Industry Watch

Young at heartFounder Jeff Ochs knows the value of a good read, especially for kids

Valuable lessons

How Customs Made spotted new opportunities in old fables and parables from around the world

By Pratik Joshi
Tuesday, June 24, 2014

Every company has an origins story. In the case of Customs Made in St. Paul, the story involves a conversation between Minnesota entrepreneur Jeff Ochs and his Chinese-born wife.
 
A few years ago, while they contemplated starting a family, they spoke about the values they wanted to impart to their offspring. The conversation led naturally to the traditional fables and parables that had influenced Ochs’s wife in her native country.
 
That led Ochs to wonder how parents could access the treasure trove of stories handed down from generation to generation in different parts of the world. The thought of reading a Chinese, Greek, or Indian parable in English and being able to share humanity’s “collective wisdom of the ages” excited him.
 
He soon learned that such stories didn’t have many takers in the publishing industry, largely because the lack of copyright discouraged investment. As the brain behind an award-winning, licensed board game called Snake Oil, Ochs was familiar with the mind-set of publishers.
 
What if there were an online service, he wondered, that let people discover and share the world’s fables and parables, customize them into an illustrated book form, and ship them anywhere in the world. That idea would eventually become a reality with Custom Made’s Cornerstone Stories
 
Meanwhile, Ochs had founded the nonprofit Breakthrough St. Paul (now Breakthrough Twin Cities) and had recently been researching social enterprises, or companies that exist to make both a profit and social impact. He’d co-authored a 2013 white paper entitled, “Present at the Creation: The Emergence of Social Business, Impact Investing, and the Fourth Sector in Minnesota,” highlighting the importance of social enterprise as an engine of progressive change. He also helped draft the legislation that recently became the Minnesota Public Benefit Act, which creates clear differentiation between social enterprises, nonprofits, and traditional corporations.
 
Besides being a viable business, he realized, Customs Made could help people discover, share, and preserve cultural treasures. After some research, he felt confident he could find enough legally usable stories to give the business idea a try. He reached out to friends, family, and others in his network to tap what he calls “social capital” and soon lined up about a dozen artists (many in Minnesota) and a Minneapolis-based printing press. A grant from a University of Minnesota program helped him develop software for the website.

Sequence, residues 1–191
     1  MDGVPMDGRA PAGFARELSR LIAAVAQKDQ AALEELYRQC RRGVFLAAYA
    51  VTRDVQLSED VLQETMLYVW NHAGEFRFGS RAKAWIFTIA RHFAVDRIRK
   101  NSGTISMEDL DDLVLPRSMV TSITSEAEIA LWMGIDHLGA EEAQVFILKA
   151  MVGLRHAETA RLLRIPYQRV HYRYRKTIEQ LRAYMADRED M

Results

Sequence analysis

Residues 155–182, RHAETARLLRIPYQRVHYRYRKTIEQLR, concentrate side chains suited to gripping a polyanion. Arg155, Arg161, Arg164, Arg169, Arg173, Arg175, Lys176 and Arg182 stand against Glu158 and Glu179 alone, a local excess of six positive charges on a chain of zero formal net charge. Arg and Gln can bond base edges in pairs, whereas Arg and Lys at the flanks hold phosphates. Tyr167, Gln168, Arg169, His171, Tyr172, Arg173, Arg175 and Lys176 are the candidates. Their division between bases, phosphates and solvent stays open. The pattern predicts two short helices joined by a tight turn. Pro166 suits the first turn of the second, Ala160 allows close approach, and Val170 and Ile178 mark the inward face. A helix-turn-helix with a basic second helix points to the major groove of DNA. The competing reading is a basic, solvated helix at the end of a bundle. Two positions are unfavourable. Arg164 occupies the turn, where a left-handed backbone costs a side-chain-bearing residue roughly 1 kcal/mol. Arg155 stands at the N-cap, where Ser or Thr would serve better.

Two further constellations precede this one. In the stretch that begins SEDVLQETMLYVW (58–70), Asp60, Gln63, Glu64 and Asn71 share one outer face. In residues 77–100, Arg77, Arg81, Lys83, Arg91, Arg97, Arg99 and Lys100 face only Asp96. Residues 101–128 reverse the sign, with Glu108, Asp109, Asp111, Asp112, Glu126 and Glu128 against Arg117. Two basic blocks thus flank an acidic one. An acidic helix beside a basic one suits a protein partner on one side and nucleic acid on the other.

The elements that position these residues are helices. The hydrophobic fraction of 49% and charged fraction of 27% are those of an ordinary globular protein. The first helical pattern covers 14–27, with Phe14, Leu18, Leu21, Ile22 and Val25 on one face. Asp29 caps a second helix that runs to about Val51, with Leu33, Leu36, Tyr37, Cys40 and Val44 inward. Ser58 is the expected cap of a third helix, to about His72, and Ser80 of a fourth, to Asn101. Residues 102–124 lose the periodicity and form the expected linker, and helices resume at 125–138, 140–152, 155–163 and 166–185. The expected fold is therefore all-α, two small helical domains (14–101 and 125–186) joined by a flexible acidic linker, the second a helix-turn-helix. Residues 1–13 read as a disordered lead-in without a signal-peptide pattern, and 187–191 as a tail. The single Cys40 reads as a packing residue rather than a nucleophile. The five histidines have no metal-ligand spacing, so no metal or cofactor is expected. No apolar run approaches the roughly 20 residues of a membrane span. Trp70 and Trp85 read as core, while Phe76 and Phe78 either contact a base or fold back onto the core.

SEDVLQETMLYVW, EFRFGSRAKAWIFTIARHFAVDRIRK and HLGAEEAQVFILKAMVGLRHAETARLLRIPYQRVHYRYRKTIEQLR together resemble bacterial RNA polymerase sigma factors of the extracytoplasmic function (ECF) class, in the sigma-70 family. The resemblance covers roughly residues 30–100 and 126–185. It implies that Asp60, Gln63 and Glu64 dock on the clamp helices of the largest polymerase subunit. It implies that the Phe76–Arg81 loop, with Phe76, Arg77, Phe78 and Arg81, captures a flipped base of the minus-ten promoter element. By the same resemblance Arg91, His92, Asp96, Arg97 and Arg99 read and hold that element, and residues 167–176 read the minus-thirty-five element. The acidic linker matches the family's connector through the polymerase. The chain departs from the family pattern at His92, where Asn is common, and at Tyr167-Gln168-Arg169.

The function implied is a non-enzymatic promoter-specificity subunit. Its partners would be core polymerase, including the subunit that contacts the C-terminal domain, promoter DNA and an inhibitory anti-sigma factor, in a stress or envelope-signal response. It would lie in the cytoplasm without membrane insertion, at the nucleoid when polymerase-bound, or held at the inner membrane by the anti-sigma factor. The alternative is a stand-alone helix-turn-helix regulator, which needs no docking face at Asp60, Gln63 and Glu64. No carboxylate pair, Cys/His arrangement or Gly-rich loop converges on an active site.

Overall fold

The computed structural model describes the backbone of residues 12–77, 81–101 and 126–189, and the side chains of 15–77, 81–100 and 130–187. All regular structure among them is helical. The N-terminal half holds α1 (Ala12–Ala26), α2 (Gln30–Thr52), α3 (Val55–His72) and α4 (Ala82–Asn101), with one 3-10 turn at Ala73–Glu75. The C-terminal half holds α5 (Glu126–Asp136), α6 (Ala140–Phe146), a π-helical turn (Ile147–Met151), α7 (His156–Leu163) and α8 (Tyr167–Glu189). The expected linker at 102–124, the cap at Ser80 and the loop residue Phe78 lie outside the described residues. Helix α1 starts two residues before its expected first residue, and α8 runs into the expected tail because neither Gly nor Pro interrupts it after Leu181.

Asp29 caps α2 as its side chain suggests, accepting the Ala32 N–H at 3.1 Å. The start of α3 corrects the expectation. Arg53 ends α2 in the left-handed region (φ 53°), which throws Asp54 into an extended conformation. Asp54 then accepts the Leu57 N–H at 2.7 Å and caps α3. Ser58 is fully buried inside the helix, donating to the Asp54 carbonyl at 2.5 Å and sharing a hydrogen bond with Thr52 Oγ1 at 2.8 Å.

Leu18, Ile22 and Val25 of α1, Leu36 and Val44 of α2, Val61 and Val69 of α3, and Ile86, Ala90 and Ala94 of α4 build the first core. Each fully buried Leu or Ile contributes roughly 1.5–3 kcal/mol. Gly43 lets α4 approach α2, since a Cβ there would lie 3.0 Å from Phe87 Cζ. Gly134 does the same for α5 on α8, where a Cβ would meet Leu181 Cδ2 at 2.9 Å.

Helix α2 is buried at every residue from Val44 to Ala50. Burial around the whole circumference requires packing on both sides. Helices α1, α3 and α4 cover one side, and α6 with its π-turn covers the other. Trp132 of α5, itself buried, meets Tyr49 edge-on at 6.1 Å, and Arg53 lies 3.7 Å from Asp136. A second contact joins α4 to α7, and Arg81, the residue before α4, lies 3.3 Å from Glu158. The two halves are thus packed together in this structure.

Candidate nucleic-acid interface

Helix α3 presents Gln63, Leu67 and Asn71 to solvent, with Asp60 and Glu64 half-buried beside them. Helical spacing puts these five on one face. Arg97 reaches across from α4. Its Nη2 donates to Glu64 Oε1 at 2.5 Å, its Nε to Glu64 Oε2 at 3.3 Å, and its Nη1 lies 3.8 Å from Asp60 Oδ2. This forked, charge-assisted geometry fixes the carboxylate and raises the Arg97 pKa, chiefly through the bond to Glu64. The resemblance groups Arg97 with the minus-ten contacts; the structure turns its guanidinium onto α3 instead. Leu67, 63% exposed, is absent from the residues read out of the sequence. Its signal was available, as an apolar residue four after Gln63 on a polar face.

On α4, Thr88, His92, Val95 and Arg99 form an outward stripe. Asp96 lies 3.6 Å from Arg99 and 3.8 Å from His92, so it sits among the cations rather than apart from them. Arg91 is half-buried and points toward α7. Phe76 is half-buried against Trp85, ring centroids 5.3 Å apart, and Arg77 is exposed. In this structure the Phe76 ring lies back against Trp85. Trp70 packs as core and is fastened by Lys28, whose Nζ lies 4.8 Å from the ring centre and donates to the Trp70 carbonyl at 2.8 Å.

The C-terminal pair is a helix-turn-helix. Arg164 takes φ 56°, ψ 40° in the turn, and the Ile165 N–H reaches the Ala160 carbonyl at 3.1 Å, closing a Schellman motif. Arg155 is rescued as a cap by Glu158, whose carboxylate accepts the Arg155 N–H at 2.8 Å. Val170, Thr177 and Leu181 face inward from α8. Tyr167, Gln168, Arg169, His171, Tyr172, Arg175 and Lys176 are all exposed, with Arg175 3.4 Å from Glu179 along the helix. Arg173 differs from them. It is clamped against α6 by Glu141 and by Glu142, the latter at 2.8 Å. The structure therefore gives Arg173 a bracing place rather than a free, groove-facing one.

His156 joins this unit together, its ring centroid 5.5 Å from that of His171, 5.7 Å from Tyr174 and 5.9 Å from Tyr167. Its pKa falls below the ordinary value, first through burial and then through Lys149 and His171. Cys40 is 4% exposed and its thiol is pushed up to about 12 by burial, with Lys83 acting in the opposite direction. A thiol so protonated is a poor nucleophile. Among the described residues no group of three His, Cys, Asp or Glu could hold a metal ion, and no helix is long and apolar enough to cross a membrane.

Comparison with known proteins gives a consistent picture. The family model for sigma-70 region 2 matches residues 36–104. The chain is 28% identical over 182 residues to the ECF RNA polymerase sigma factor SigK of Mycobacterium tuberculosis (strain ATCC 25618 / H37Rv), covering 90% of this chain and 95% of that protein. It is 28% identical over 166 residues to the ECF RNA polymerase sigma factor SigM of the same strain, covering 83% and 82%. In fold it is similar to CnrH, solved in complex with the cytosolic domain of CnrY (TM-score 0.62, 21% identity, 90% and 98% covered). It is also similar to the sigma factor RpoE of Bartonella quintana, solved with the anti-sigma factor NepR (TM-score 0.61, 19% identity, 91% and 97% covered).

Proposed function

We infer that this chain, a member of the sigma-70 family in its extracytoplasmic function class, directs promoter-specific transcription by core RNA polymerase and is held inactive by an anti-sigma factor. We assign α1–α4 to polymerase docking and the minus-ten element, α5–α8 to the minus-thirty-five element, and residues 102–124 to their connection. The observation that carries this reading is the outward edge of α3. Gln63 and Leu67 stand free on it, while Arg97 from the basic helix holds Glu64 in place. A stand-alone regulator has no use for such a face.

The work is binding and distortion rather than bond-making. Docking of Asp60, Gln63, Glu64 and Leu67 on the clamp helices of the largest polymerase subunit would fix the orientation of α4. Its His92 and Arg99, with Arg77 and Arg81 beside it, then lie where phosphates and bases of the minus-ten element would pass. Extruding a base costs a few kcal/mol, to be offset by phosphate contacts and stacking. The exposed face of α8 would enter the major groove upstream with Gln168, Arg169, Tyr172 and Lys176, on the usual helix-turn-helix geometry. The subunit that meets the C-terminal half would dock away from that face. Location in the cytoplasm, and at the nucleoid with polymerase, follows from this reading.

When he nominated the venture to the social entrepreneur category of last year’s Minnesota Cup business competition, it made the finalist round despite being quite new. The company website had been hurriedly put together “to have a minimum viable product,” though, and Ochs still has had little time to devote to the venture’s development (completing an MBA and a master’s in public policy at the University of Minnesota have had something to do with that).
 
While the service has gotten off to a slow start, Ochs believes that eventually parents, grandparents, and educators will see it as a way to share values with the next generation. Couples with children adopted from foreign lands might be especially appreciative of Cornerstone Stories, as they often want to connect their child with the land of their birth.
 
Meanwhile, the company’s set-up avoids the need for inventory or a warehouse — something that had appealed to Ochs early on. “Jeff really has a keen business sense,” says Brad Brown, who runs the consultancy Socentia and previously served as executive director of Social Venture Partners Minnesota. “His approach is pragmatic, and he’s keen to find a way to demonstrate to the world it’s possible to have a successful social business model. Jeff is going to be an important business leader in the community.”
 
Ochs plans to focus on finding the right marketing channels, and Susan Sands, for one, doesn’t doubt his ability to find them. “He’s bright, energetic, and a creative thinker,” says Sands, who along with her husband Bill has been a longtime supporter of economic development in the Twin Cities. “He’ll find different ways to solve problems.”
 
Over the long term, the multilingual Ochs envisions expanding the content of Cornerstone Stories, and increasing the number of languages the stories are available in (currently English, Spanish, and Chinese). He hopes to develop relationships with local partners in different countries as he grows the business. “We want to be global,” he says.
 
It remains to be seen, of course, whether Cornerstone Stories will capture enough imaginations to succeed. But however the tale unfolds, its lessons should prove valuable. 

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